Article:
How to: critique artwork like a pro

Does the thought of an impending art critique bring tears to your eyes? Does it make you feel like crying in your Wheaties?–(who came up with that phrase, anyway?) For a lot of art students, it certainly does, and can be very intimidating, especially if we’re not accustomed to speaking in front of an audience. But with a little practice, you too can sound edu-ma-cated in front of others!

In order “properly” to critique any given artwork (in a way that is acceptable by any institution assigning four-digit numbers to its classes), you need only remember the acronym “DAIJ.” It stands for “Description, Analysis, Interpretation, Judgment,” or as a clever student in my highschool art class once said, “Dem Apples Is Juicy.”

Landscape With Butterflies - Salvador Dali For an example, I have randomly chosen an artwork to critique by taking a lame, five-second-long quiz, entitled What Famous Work of Art Are You?…the result of which, for me, was Salvador Dali’s “Landscape With Butterflies.” (Okay, so I’m not crazy about butterflies, but the opinion part comes later.)

In order to perform a criticism on any type of art, you simply carry out the 4 steps of DAIJ–remember, it’s “Description, Analysis, Interpretation, Judgment.” Or, if you’re really lazy, you could just use this handy Instant Art Critique Phrase Generator that I came across today. Sure, no one will be the wiser…
But if you really want to be intelligent, follow the darned steps already!

Just as it says, first you describe the facts, including the name of the work, artist, medium, etc. Next, what does the art look like, what is it made of, what objects do you see in it? What textures, shapes, or colors are there? Are the colors vivid and bright, or subdued? Remember, all of these are straight facts, with no opinions added yet.

If you wanna be really thorough, look for and describe each of the “elements” of art: line, shape, form, color, space, texture and value. (I’ve also seen “time” and “mass” included in others’ lists, but they seem superfluous to me at this point.) Be very general at first, then get more specific later on.

The first step goes something like this:
In this painting, I see butterflies (obvious, but necessary). There are two of them, and they are in flight with their wings open. I also see what appears to be the side of a cliff, or a flat wall that has been broken off. It is daytime because the sky is blue, but there is also another drastic light-source coming from the right side, creating harsh shadows. The landscape appears to be outdoors, because of the sky and because of the vast desert in the distance. The colors are very intense, especially the blue and the orange. There is a strong contrast between light and dark, and overall, the lines are very defined. The viewer is either very close in proximity to the butterflies, or the butterflies are rather large. As the viewer, we appear to be standing in front of this scene, looking straight at it, and the overall effect is realism. Etc.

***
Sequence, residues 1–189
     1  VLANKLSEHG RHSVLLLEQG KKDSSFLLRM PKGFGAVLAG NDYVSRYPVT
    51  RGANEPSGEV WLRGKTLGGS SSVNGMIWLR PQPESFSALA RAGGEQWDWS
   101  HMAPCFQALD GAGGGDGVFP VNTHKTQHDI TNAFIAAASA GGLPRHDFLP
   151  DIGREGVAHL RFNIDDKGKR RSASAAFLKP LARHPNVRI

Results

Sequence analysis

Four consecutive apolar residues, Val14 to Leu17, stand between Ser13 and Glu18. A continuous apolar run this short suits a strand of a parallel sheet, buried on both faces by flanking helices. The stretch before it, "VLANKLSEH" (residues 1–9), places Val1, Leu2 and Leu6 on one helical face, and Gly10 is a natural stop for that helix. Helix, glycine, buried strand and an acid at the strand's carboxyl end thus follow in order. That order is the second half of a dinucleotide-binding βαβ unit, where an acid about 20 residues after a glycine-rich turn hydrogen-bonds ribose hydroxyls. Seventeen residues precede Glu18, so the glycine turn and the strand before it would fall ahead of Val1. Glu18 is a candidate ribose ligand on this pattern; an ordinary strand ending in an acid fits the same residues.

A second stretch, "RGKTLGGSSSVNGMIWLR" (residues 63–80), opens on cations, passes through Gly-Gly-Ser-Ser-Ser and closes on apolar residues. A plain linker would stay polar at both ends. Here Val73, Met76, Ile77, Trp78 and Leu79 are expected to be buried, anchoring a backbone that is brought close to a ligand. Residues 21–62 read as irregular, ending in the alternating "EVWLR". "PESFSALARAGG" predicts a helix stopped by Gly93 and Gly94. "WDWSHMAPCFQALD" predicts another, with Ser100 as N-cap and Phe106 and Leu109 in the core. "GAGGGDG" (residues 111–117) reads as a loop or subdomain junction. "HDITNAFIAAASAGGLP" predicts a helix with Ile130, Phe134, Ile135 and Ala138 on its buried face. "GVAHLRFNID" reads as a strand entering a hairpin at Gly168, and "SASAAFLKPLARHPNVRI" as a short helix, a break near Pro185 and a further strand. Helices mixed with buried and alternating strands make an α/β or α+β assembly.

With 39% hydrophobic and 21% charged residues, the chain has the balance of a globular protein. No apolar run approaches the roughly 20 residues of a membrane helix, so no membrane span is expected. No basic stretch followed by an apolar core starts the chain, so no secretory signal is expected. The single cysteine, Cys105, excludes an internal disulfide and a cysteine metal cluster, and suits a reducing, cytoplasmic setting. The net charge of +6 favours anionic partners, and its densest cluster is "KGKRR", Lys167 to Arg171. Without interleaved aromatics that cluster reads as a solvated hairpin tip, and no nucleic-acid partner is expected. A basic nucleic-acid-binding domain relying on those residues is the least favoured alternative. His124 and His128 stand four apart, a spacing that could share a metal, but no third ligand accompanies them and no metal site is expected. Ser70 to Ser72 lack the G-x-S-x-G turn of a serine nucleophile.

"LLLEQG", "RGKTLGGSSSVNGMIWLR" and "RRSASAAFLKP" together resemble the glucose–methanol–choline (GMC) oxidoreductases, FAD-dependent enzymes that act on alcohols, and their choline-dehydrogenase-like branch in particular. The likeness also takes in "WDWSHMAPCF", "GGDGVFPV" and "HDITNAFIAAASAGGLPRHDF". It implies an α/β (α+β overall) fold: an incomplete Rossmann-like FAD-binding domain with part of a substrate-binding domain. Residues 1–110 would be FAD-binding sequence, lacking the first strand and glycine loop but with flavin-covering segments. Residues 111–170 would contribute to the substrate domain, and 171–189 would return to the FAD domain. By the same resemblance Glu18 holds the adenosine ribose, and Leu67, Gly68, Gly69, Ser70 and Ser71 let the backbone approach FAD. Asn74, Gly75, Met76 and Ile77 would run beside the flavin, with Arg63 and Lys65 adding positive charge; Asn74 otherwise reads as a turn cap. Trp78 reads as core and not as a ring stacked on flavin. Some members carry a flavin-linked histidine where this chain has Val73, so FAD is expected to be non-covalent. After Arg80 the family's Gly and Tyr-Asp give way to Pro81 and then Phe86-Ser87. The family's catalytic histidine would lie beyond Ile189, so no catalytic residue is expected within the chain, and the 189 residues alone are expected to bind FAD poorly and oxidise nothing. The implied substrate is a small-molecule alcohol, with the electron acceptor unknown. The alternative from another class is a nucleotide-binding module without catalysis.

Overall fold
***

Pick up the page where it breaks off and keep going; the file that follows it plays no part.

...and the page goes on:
*Note: Through all this, you are not supposed to say whether or not you “like” any of the things…you’re just describing at this point.

Next, tell how all the answers from the description you just made are related to each other, ie, how the above facts are organized, compliment one another, or create harmony or distress. This step can often be the most confusing, because it is very similar to the first and can easily overlap. A good suggestion is to think about some of the “principles” of art: movement (or rhythm), variety, proportion, emphasis, balance, contrast.

(I have seen some people list “scale” as an art principle, but again this seems redundant to me–it’s basically a more detailed word for what we mean by “proportion.” The Wikipedia entry on design elements and principles is a valuable resource if you need specific help sorting out and defining all of these terms.)
So put on your detail goggles and dive in…

As I view this piece, my eyes are occasionally led over to the vanishing point on the left (in the distance), but keep coming back to the focal point around the butterflies. This movement happens largely because of the shadow that the rock casts in that direction. The blue of the sky and the orange of the rock are very intense and bright (highly saturated), and their opposition with each other also contributes to the back and forth motion of our eyes as we view the painting. If the blue color was not as saturated, more focus would be on the right side of the painting, it would have too much “weight,” and our eyes would linger there more. As a result, the painting’s composition would be less balanced.

Also, because the butterflies appear to be abnormally large (in comparison to what we assume is a rock face or cliff), we do not have a concrete sense of scale or proportion. This creates an interesting sense of ambiguity, and as a viewer we’re not sure if in fact we are very small, or simply lying close to the ground, or if these are mutated giant butterflies next to a huge cliff. Who can be sure? There aren’t even any pebbles on the ground or other recognizable objects in the paintings to give us clues about scale. The bottom-most butterfly shadow (as well as the butterflies themselves, and the shadow cast by the rock) has a sort of glow around it caused by the lighter orange color surrounding it. This causes the shadow to further “emerge” from the surface it’s supposed to be cast on, making it appear more three-dimensional and adding focus to it. We know that actual, “real-life” shadows do not have this effect, and so it creates a surreal feeling–one of the things Dali’s paintings are most famous for.

Basically, how does the painting make you feel? What does it make you think of? (Don’t say you think the artwork “sucks”…Not yet! That comes in the next step!) What do you think the artist is trying to communicate to you as a viewer? But just because this step is more open-ended than the previous two, and there aren’t really any “right or wrong” answers, in my opinion it’s the most important (and fun) step.